The IATF needs new blood

THE CORNER ORACLE - Andrew J. Masigan (The Philippine Star) - August 26, 2020 - 12:00am

In a survey conducted last July, the Social Weather Station announced that 27.3 million adult Filipinos, representing 45.5 percent of the workforce, are currently unemployed. Last December, the number of jobless Filipinos stood at only at 7.9 million. This means that 19.4 million have lost their jobs since the onset of the pandemic. The reduction in workforce tells us that productivity of Philippine enterprises have been slashed by a third.

People are going hungry and corporate Philippines, especially micro, small and medium sized enterprises (MSMEs), are hemorrhaging. While there are no official numbers as to how many businesses have fallen into insolvency, a mathematical estimate suggests that a whopping 72 percent of all MSMEs have either closed permanently or significantly downsized.Between 250,000 to 450,000 MSMEs have already gone belly-up. This explains the alarming unemployment rate.

Unfortunately, the anti-virus response of the Duterte administration has wrought more damage to the economy than need be. Our leaders should have known better than to impose a militaristic quarantine on an economy that is 72 percent dependent on consumer spending. They should have been more sparing in extending the ECQ and MECQ .

Our leaders clearly underestimated the effects of its militaristic tactics. I was told by a Cabinet member, no less, that even our economic managers were shocked by the 16.5 percent economic contraction in the second quarter. They expected a drop of 10 percent , maximum. This only means that they never had a firm grasp of the damage they were causing when they imposed the ECQ. I expected the Finance Department and NEDA to know better.

Government’s 2020 projection of a 3.4 percent contraction is now a pipe dream. British banking giant, HSBC, provides a more credible forecast at -9.6 percent.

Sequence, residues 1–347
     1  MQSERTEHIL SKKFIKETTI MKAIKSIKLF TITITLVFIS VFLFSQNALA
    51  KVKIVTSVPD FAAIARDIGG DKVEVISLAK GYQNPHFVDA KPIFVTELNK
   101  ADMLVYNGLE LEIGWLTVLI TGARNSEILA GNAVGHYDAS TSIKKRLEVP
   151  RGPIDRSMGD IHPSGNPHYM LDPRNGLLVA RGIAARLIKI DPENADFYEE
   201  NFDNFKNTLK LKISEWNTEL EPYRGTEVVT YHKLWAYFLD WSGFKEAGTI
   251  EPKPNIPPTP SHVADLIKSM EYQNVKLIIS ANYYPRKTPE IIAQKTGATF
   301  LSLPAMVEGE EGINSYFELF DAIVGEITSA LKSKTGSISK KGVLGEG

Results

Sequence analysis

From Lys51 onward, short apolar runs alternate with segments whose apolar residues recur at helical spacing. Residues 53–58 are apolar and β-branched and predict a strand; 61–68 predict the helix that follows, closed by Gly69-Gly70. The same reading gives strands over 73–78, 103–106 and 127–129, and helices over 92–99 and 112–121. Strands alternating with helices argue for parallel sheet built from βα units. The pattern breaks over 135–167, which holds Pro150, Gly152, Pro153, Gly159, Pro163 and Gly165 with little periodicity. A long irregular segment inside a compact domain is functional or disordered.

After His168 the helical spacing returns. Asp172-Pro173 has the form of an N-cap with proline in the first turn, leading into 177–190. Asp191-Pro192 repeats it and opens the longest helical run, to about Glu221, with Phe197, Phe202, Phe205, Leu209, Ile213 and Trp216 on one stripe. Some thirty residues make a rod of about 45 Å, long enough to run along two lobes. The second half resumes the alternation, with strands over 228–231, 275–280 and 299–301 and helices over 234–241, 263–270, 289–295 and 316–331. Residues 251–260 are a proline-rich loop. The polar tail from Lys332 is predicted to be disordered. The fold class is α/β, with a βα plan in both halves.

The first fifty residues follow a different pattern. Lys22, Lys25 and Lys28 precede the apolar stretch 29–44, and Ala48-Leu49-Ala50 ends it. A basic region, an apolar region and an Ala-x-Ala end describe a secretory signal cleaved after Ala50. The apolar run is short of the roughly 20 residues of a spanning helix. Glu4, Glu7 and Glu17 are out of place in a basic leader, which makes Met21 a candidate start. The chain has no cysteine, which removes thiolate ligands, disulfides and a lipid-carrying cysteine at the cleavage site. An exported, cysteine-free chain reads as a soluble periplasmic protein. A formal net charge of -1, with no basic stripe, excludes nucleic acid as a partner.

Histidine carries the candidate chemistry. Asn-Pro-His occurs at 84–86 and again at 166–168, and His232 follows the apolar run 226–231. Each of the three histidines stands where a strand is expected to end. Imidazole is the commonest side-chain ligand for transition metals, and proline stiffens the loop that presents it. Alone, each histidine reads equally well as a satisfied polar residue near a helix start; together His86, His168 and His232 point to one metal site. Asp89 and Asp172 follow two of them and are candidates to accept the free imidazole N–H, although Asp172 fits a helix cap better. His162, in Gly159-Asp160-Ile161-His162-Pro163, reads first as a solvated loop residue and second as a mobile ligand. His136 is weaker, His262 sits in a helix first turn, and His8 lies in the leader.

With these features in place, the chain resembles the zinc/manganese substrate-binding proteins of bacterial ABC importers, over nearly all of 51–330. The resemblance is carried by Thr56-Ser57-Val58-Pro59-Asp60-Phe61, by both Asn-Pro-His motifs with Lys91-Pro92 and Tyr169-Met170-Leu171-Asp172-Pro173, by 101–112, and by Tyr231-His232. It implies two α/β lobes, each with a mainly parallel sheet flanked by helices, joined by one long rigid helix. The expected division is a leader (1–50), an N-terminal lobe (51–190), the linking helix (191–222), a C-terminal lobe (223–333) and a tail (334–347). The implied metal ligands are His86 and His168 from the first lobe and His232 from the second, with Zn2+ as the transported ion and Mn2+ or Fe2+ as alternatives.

Meanwhile, our COVID situation is dire. Infection rates have been increasing by 2.2X every month since April. At this rate, infections will reach 650,000 by October and 1.4 million by November. The healthcare system is in desperate need of additional capacity.

What stings bitterly is that despite government’s militaristic tactics and the devastation on the economy, it has failed to curb infection rates. Clearly, something must change.

The IATF and the entire Cabinet have done their best. They are tired too. But they must accept that its current strategies are pulverizing both the economy and our state of health, in equal measure. It must acknowledge that a shift in strategy is needed to arrest the situation. As a citizen, I implore our leaders to please add an epidemiologist and a team of economists to the IATF. Better yet, accept the offer of the Philippine Chamber of Commerce and Industry to sit in the IATF table. I am aware that the composition of the IATF is mandated by Executive Order 168. Still, the IATF must recognize that it needs professional insights and fresh points of view to come out with better strategies.

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As mentioned earlier, hundreds of thousands of businesses have already closed permanently while those still operating are fighting for their lives. Given the desperate situation, you would think that government would make their plight easier.